UNIVERSITY PARK — Mark Pasquarella and Garrett Grimwald tossed a football on the sidewalk of Porter Road near the Curtin Road intersection while they held down their fort at Nittanyville.
They were among more than 770 Penn State students Tuesday already camped out at Gate A of Beaver Stadium a tradition known as Nittanyville, the tent city erected outside the stadium before home football games.
But this week is special for student campers, as the Nittany Lions take on the undefeated Michigan Wolverines during Penn States homecoming game at 5 p.m. Saturday.
I think naturally because its homecoming, people are pumped. Its like nothing else you can compare it to, said Sara Butcher, a freshman who has camped out at Nittanyville before. There is a bonding that goes with it and a camaraderie with everyone. I think were all nervous for the team after the loss last week, but were hoping for the best and really just out here and at the game supporting Penn State.
In an outdoor common area between the tents, Kyle Donahue and sophomore Alex Sullivan were parked on a bench finishing homework.
Donahue, a junior transfer student from Penn State Erie, The Behrend College, said this is his first time camping out at Nittanyville, an experience he called second-to-none, especially during homecoming week.
The atmosphere was awesome, he said. Last night, people were chanting and singing the alma mater. I think everyones here for one purpose.
Students were able to set up their tents on Monday night three days earlier than usual, Sullivan said.
Another student, senior Robert Willis, from Maryland, was tucked away in his tent on his laptop during his designated time to stay in the tent. Nittanyville rules require at least one person at all times to occupy the tent.
We try to get out and camp at Nittanyville once a year. We camped out for the Ohio State game last year, said Willis, who was camping with seven others . You get a sense of community, and now that its homecoming and were playing Michigan, everyones energy is running high.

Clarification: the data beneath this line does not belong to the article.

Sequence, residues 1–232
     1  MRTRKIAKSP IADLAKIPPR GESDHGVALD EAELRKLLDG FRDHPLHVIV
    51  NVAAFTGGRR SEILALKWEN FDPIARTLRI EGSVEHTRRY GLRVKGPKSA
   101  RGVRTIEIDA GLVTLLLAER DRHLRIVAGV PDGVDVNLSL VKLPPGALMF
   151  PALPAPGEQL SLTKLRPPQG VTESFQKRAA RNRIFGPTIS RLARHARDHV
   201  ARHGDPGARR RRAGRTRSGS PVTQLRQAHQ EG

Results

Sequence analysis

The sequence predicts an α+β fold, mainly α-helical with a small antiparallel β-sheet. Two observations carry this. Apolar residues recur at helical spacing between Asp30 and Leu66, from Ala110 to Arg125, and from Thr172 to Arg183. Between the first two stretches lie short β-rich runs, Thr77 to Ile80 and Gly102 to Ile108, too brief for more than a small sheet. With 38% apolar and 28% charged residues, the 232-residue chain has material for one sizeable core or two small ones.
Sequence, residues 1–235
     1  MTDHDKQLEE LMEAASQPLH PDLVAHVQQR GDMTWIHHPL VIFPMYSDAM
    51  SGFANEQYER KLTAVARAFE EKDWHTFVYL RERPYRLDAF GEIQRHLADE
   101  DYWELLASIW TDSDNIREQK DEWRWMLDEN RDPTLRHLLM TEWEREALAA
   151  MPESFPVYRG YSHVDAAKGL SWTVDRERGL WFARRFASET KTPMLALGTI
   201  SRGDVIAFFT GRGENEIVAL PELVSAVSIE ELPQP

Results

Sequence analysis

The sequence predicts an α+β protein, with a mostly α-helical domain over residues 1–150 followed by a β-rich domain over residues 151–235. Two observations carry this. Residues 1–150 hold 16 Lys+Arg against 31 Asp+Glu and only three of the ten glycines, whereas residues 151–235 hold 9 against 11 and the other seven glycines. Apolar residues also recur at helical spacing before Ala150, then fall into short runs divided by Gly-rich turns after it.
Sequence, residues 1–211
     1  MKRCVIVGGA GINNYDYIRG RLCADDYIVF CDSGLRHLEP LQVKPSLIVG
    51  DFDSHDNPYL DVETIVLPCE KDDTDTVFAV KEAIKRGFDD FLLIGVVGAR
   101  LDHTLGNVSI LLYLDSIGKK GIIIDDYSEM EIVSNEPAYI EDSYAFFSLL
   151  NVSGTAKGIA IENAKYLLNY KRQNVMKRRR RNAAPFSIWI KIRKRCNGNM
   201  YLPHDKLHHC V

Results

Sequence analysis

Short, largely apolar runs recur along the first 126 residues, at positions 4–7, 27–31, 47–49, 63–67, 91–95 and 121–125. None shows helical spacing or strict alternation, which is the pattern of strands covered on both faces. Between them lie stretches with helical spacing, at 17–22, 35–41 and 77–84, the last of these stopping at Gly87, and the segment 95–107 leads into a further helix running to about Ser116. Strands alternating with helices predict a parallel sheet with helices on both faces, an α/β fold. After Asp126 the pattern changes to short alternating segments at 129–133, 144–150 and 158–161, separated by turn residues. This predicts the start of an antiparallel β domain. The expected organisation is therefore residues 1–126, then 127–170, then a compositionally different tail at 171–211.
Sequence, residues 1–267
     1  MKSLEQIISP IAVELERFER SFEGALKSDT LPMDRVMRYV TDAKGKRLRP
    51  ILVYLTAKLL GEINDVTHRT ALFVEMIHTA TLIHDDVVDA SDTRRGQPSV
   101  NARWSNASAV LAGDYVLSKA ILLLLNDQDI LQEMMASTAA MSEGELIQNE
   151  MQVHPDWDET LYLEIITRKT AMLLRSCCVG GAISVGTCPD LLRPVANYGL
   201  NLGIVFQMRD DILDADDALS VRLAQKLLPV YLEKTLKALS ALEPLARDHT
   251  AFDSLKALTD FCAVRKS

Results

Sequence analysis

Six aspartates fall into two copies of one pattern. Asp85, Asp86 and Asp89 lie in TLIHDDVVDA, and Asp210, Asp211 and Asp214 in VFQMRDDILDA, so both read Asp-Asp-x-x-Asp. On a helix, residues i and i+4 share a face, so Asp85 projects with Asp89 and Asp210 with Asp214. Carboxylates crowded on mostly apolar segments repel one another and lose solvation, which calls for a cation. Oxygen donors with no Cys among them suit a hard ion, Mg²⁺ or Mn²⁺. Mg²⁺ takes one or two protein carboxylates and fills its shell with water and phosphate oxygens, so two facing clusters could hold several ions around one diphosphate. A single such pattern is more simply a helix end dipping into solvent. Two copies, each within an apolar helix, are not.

Its just a group of diehard fans showing our support and hoping for the best on Saturday, Sullivan added. And everything like the parade and the activities gets you ready for the game.
At 6 p.m. Friday, the homecoming parade kicks off the weekend, said Sarah Kurz, homecoming public relations director
The parade will begin at the intersection of Curtin and Porter roads and end at the intersection of North Burrowes Road and Pollock Road, Kurz said.
Each year, Kurz said the parade attracts about 10,000 people. This year, the parade will include a baby cub, the Nittany Lion mascot, the Penn State Blue Band and cheerleaders, floats, large parade balloons, and showcase court members, honorary grand marshal Anne Ard and grand marshal John Amaechi.
This is the spirit of Penn State, Kurz said.
Penn State Transportation Service released a statement that said the parade route will be closed to vehicles from 5:30 to about 9 p.m., or the close of the parade. Parking along the route is also restricted. Additionally, the Centre Area Transportation Authority said some bus routes would be altered.
Penn State homecoming is a student-run organization that aims to promote tradition and pride through activities, Kurz said.
On Friday between 1 and 4 p.m., the homecoming committee is also hosting a student alumni ice cream social at Hintz Family Alumni Center, and from noon to kickoff Saturday, a tailgate competition will be underway, where judges will vote on the best tailgate.
The more spirit you have, the better chance you have at winning, Kurz said.
At halftime during the game, Kurz said the homecoming courts would be released that includes 10 nominees for student court, seven nominees for university court and eight nominees for first-year court.
Student court represents the entire student body, university court represents Penn State faculty and staff, and first-year court is comprised of all first-year students, Kurz said.
Campus security efforts are in place as they are for every home football game or on campus activity, said Penn State spokeswoman Jill Shockey.
State College police also said they would increase their manpower and patrols over the weekend.
Kelly Aston, Community Relations and Crime Prevention Specialist, said police typically increase their presence for large events, like Penn State homecoming, football Saturdays and the Central Pennsylvania Festival of the Arts.
The department also has been releasing public service announcements this week asking students and others to make smart decisions this weekend.
We are just trying to remind people to be safe and smart, Aston said. We are reminding people coming back to the area to be role models. And we are asking the students to do the same.
But more than anything, for Penn State students, homecoming is about Penn State pride.
It gives you opportunity to unite with other Penn state students, to be excited about supporting our school, and to be part of homecoming is just an opportunity to get excited about being a part of this school and opportunity to get involved and enjoy my time here as a student, said freshman Gabriella Carnuccio.
I think were all in it not just for the football game, but to show our support for Penn State, Willis added.
Britney Milazzo can be reached at 231-4648. Follow her on Twitter @M11azzo.